Former Sen. George LeMieux abruptly quit Florida's Republican U.S. Senate race on Wednesday, all but guaranteeing that frontrunner Connie Mack will be the party's nominee.
LeMieux was behind in fundraising, behind in name identification and behind in big-name endorsements when compared with Mack, a sitting congressman from Fort Myers and the son and namesake of a former Florida senator.
"Ahead of us in the polls, the Mack name enjoys widespread recognition that can only be matched with substantial advertising or the opportunity to debate on statewide television," LeMieux said in a video address posted on YouTube.
He lamented that Mack refused to debate him on television and that "our finances cannot support" a major advertising campaign. In Florida, competitive statewide campaigns burn through at least $1 million a week on television in the final days.
Mack, meanwhile, received word Tuesday that he was about to be on the receiving end of a $1 million contribution from Las Vegas gaming magnate Sheldon Adelson, a Republican contributor who planned to deposit the money in an independent political committee, Freedom PAC, established to get Mack elected.
Mack entered the race relatively late last year after Florida Senate President Mike Haridopolos dropped out.
When Mack entered the race, former Florida House Republican leader Adam Hasner called it quits and ran for a congressional seat instead.
Mack quickly garnered major endorsements, notably from former Gov. Jeb Bush, current Florida Attorney General Pam Bondi and Republican presidential candidate Mitt Romney.
LeMieux stayed in, but he struggled in great part because of his association with former Gov. Charlie Crist, who had left the GOP amid a bitter Senate campaign against Marco Rubio in 2010. That Senate seat was held on an interim basis by LeMieux, who had been appointed by Crist after Mel Martinez left the Senate.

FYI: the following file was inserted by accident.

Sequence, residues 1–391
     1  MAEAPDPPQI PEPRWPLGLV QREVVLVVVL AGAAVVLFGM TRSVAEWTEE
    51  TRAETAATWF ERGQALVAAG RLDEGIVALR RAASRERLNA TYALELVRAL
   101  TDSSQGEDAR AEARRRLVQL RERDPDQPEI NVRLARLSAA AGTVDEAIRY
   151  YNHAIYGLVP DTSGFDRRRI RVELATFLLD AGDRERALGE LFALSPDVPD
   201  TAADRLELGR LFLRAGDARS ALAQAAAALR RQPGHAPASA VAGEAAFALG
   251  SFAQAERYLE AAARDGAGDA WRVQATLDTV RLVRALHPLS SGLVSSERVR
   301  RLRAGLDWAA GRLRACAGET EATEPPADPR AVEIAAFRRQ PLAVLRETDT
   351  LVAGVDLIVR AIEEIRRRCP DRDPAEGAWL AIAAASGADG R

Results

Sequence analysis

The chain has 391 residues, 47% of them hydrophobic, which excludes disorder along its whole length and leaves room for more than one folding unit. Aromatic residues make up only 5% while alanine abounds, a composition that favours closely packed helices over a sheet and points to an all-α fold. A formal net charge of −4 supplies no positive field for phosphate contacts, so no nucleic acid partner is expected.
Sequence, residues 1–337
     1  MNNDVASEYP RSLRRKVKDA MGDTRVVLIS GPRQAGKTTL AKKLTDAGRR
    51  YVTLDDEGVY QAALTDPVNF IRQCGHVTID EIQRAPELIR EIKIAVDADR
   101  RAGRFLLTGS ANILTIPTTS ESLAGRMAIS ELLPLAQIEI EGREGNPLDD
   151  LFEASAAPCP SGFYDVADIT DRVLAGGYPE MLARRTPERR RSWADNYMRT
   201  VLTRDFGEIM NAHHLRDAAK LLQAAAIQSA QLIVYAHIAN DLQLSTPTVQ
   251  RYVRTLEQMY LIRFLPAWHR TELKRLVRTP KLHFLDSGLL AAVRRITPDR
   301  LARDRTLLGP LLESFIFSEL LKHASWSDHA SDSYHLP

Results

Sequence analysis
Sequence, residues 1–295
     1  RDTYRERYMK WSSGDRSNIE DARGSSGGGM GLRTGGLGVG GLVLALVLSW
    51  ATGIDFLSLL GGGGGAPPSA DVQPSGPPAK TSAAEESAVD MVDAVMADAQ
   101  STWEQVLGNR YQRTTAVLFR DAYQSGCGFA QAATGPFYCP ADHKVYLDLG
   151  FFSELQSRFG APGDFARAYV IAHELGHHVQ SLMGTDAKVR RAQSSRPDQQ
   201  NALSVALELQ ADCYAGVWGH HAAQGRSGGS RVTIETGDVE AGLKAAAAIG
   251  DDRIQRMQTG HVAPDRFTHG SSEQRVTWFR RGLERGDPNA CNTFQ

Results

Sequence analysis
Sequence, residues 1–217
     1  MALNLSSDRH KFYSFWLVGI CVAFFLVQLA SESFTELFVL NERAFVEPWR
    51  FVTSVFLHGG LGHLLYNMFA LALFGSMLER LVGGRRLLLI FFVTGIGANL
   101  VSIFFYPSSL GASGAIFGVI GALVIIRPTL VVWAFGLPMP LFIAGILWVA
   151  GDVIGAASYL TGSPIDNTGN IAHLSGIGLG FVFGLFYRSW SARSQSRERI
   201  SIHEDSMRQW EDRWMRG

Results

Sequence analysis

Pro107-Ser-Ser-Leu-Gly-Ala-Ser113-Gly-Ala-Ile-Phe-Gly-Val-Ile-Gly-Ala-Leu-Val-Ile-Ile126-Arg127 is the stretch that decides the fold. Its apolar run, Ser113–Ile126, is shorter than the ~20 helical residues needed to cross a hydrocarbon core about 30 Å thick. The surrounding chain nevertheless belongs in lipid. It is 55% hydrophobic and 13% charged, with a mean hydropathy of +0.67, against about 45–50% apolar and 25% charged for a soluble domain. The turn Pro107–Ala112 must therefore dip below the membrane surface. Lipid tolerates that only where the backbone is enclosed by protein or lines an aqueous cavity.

LeMieux waged a tough campaign against Mack for months. LeMieux's campaign produced a mocking, cartoonish web ad that accused the congressman of being a "half Mack" when compared with his father and great-grandfather, a baseball legend.
LeMieux also repeatedly bashed Mack for skipping votes in Congress and for having little private-sector job experience outside of working as a consultant for the Hooters restaurant chain. The Democratic incumbent, Sen. Bill Nelson, who has more than $9 million in the bank, is expected to reprise those criticisms of Mack in the general election.
As Mack stumbled and LeMieux froze in the polls, Republicans tried to recruit other candidates to run for the seat. Florida Chief Financial Officer Jeff Atwater considered running for Senate, but opted to stay put. Former U.S. Rep. Dave Weldon entered the race recently, but with little name ID or money, it will be exceedingly difficult for him to succeed. Other little-known Republican candidates include Deon Long, Mike McCalister and Marielena Stuart.
Though LeMieux had said Mack didn't have the "character" to serve in the U.S. Senate, he decided that having Nelson there was worse.
"To continue would only hurt our chances in the fall, and that is not something that I will risk. Connie Mack will be our nominee. He has my support," LeMieux said. "As a former party chairman, I know that sometimes for the good of the party, and the good of the nation, a candidate has to bow out gracefully. In order to have the best chance to defeat Bill Nelson and put the Senate in Republican hands, today we will end our campaign."